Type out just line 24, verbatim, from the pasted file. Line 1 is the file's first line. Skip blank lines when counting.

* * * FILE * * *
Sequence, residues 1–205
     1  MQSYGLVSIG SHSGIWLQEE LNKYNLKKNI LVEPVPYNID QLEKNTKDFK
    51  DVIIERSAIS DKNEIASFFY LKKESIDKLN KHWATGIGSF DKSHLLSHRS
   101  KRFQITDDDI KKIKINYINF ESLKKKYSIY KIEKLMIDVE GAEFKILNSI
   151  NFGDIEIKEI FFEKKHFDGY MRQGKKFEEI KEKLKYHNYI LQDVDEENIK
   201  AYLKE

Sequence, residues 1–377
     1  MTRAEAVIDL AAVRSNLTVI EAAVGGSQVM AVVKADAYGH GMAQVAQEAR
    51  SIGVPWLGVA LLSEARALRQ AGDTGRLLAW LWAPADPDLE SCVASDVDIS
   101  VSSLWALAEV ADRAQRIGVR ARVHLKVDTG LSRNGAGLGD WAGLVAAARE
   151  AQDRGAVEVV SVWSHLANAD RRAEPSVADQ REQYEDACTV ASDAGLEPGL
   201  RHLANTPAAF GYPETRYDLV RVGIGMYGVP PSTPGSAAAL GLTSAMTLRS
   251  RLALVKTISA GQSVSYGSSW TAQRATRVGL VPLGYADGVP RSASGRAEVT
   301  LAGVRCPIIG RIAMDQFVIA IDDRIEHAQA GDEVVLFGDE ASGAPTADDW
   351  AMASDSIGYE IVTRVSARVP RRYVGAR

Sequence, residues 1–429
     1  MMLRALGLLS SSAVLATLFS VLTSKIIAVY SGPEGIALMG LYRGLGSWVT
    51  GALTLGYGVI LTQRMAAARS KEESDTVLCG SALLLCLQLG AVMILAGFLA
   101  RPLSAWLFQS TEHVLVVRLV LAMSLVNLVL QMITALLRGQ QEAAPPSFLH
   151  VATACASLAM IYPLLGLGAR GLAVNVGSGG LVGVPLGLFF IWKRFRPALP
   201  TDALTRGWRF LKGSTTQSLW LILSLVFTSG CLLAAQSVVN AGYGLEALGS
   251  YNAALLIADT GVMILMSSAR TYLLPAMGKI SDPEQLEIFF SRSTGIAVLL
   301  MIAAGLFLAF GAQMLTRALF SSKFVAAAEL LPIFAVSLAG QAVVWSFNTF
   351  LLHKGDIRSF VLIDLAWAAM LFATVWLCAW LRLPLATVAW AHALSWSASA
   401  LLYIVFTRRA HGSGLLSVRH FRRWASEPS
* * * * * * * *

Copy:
   351  LLHKGDIRSF VLIDLAWAAM LFATVWLCAW LRLPLATVAW AHALSWSASA